Shastri said the two players have utmost respect for each other and the Indian team was "one honest bunch" who believed in playing for each other. ('Tremendous mutual respect between Dhoni and Kohli)
"It's (rift between Dhoni and Kohli) the biggest load of bull**** I have been hearing. It's one honest bunch who believes in playing for each other. That's why the results you have had over the last year, 70 percent of matches won," Shastri told PTI in an interview. (Indian players insulted)
"You ought to see the respect they have for each other. Kohli is young, flamboyant, in-your-face character. He will learn with the exposure he gets. He is only 26, let him settle into captaincy for a year or two," he said.
Shastri spoke highly of current ODI captain Dhoni, calling him an all-time legend, who played on his own terms.
"Dhoni is an all-time legend. He is the kind of bloke who plays on his own terms. It's best exemplified in the manner he quit Test cricket. I would have known many who would have loved to go for a 100-Test milestone," he said.
Asked whether young players like Ajinkya Rahane, Rohit Sharma and Shikhar Dhawan have settled in the team, Shastri said their best is yet to come.
"They do carry a huge promise. All are young, in the 26- 28 age bracket. Their best is still ahead. It's not just the figures but their style of cricket that has heartened me. They didn't take a step back; they were in face of opposition and that warmed everyone's heart including Australians.
"Kohli was magnificent. We lost two Tests in Australia and in both of them we aimed wins. 400 runs in each of the four Tests. And the way we stepped up in the World Cup...a good team usually makes the big tournaments count. India raised the bar every time they took the field in the showpiece event."
Shastri also spoke about his experience with a young team, his own role in shaping their careers, the need to identify the pacers for different conditions and future of Indian cricket in the interview.
Excerpts from the interview
Q: You have had a run with the Indian team in England, Australia and now Bangladesh. As one in charge of the team for the past eight months, you have seen these boys in five Tests and some 25 ODIs. How settled is the bunch now?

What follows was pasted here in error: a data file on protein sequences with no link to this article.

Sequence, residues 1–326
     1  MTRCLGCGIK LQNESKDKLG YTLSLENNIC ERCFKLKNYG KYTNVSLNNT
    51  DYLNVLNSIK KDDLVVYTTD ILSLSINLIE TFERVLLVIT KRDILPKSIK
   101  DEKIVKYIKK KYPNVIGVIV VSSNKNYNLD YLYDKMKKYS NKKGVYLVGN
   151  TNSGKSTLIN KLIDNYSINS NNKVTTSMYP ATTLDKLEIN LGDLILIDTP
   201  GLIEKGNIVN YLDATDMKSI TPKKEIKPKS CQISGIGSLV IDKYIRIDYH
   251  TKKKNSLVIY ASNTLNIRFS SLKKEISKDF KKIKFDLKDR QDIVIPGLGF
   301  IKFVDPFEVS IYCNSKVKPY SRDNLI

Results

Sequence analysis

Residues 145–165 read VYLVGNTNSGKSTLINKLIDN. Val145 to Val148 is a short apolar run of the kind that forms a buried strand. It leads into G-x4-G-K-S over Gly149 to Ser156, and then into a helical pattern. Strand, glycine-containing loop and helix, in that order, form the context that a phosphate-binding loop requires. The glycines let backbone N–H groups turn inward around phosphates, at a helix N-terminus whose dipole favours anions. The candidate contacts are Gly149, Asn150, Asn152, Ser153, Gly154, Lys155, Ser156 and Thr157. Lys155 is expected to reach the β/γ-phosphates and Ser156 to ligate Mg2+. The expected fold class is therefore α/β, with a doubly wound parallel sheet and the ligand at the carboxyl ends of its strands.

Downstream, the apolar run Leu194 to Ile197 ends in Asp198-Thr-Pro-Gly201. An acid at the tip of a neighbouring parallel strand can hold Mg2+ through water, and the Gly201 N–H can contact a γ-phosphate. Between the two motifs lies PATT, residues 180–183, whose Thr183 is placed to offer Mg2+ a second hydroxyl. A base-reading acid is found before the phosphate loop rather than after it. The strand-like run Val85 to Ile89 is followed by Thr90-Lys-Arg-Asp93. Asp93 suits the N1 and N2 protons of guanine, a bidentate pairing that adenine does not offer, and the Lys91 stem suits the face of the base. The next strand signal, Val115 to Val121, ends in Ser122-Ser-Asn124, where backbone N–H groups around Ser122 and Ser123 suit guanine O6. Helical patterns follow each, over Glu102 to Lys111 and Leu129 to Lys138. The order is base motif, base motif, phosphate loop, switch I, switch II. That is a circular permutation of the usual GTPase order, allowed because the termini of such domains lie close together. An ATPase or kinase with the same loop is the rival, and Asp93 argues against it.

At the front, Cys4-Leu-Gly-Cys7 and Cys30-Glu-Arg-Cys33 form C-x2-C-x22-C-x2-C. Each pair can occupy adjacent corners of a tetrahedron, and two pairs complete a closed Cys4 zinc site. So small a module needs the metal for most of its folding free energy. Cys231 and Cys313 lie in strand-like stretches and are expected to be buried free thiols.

A: The context here is necessary. A win at Lord's in England. Then hammered out of sight in next three Tests. The boys literally had to pick themselves up from the shoelaces. That they did. And to have done so with the aggressive brand of cricket for eight months, including four Tests in Australia and World Cup, was heady.
Even after we lost the first two ODIs in Bangladesh, all I told them was to enjoy the last game. I wanted them to remember they have had an outstanding year. That they had won against every country barring Australia on a cricket field.
Q: How about our bowling. Dhoni has been public in his disappointment with the pacers?
A: If we are to climb up the ladder, this is an area we need to pay attention. A Test is never won without 20 wickets. But it's no panic time yet. We just need to identify bowlers for different conditions, the classic case of horses for courses. It ought not to be all-pace on the subcontinental tracks. Accuracy and skills should count more. Bowlers who fit that bill should be encouraged.
Q: A lot of Indian batsmen give credit to you for adjustment in their techniques. Do you think India still needs a head coach?
A: It's just not me, but the entire support staff. These boys were willing to listen and make those little changes. That only comes out of trust and respect. They know what's in the dressing room, stays there. The three in support staff- Sanjay, Arun, Sridhar-haven't dropped from the heaven. They have been in the system for a long, long time. They have spent years on the field.
They watched these boys while they were being hatched as cricketers. It's the comfort level between the players and support staff which bodes well. My take on head coach is its' BCCI's call. We already have three coaches plus me. A head coach just shouldn't fill the post but add value. Representing India shouldn''t come easy, isn''t it.
Q: And how do you see your own role within the team? Q: And how do you see your own role within the team?
A: It's a responsible, challenging job. Thankless too. In a sensitive country like ours, we are expected to win always. And if you don't, be ready to receive a few kicks up your backside. My various roles in the game for the past 35 years, as a cricketer, administrator and a media professional, hold me in good stead.
For the moment, I would let go on media. Can't do two jobs in one go. But I am prepared to make that sacrifice. I have been in broadcast box for 20-plus years. Many more such seasons could be there in future. But it can all wait for the time being, barring IPL as I see no conflict (of interest) there.
Q: How do you look at the oncoming season?
A: We have a crowded season and some good cricket is coming up. Teams like Sri Lanka in their own backyard; South Africa in all conditions are tough. The boys would play the cricket as they did in the last season. The highlight was Australia where they looked to win at all times. Even in Bangladesh, we looked to force the result but could only have two days in the field. Win and win alone will again be our endeavour in coming months.